Technology Only Goes So Far
Join Chris and Fred as they discuss how technology is often used to try and solve reliability challenges – to the extent that we forget that there is a human involved. And they are very hard to engineer right!
- Humans and human error. The first mobile phones were large, heavy, expensive, and intended for a ‘rich and privileged customer base. But the demographic that used these new, clumsy, early mobile phones were tradespeople (plumbers, electricians et cetera). Why? Because instead of having to drive back to an office after each job was completed to find the next job, the tradesperson could instead use the mobile phone to call the office to work out where they had to go next. This saved so much time and money that it made it worthwhile to have these expensive mobile phones on hand. And of course … these phones had to withstand being thrown around in the vehicles and toolboxes of these tradespeople. This is not abuse … and the mobile phone companies that failed to realize this quickly went out of business.
- Then there was Air France Flight 447. The aircraft involved a new pilot input system. Instead of having a ‘shared’ yoke between the legs of each pilot, the Airbus involved used joysticks that were relatively hidden from view on the right of the pilot & copilot. So when Flight 447 involved the first officer pushing ‘down’ on his joystick and the copilot pulling ‘up,’ the aircraft didn’t really know which one to ‘listen’ to. Nor did the humans involved know what the other was doing. To disastrous consequences.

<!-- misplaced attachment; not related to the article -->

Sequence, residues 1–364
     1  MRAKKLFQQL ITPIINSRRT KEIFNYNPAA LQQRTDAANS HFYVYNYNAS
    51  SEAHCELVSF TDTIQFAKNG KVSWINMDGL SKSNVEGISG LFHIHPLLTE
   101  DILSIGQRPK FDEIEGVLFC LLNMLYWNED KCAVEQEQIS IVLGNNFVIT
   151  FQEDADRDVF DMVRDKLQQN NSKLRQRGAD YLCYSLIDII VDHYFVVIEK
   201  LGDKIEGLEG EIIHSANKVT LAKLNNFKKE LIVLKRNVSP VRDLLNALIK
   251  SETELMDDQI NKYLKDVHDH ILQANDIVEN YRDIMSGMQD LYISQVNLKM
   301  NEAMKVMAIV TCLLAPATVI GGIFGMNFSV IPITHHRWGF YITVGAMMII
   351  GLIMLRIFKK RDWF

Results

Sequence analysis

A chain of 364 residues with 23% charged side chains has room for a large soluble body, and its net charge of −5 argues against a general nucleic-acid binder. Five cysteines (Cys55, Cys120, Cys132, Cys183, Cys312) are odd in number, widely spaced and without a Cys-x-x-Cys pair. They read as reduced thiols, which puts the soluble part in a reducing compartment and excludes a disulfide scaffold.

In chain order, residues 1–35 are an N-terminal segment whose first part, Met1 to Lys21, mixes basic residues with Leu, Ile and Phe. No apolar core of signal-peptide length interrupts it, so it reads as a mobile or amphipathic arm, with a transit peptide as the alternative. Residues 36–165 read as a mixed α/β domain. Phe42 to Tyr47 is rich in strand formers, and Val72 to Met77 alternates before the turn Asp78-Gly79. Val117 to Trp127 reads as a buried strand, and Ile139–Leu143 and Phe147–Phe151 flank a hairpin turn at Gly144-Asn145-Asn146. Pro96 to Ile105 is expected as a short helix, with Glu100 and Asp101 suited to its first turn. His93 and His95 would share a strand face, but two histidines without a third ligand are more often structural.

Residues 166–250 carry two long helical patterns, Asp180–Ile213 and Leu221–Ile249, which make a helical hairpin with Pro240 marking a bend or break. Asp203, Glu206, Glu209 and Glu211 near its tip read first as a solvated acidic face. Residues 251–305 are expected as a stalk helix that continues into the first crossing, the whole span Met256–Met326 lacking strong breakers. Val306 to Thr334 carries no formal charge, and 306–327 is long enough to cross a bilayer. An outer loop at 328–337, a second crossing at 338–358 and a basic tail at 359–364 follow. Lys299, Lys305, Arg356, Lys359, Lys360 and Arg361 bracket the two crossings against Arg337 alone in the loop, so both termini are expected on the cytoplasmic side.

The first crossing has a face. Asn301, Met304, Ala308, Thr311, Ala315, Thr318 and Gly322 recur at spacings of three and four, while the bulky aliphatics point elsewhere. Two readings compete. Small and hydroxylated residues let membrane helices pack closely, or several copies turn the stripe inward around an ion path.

- Higher reliability drives bad behaviour. There are lots of commercials on TV right now where the amazing new in-built safety features of cars (like automatic braking, lane assist and so on) seem to ‘normalize’ bad driving. These commercials seem to suggest it is OK to be a distracted driver because the car will save you. But this is not OK …
- You can’t always design the human out of the system. There is more than one instance of commercial aircraft pilots deliberately crashing. The aircraft were (and remained) reliable. They did exactly what they were commanded to do. But they couldn’t stop a deliberate crash.
Enjoy an episode of Speaking of Reliability. Where you can join friends as they discuss reliability topics. Join us as we discuss topics ranging from design for reliability techniques to field data analysis approaches.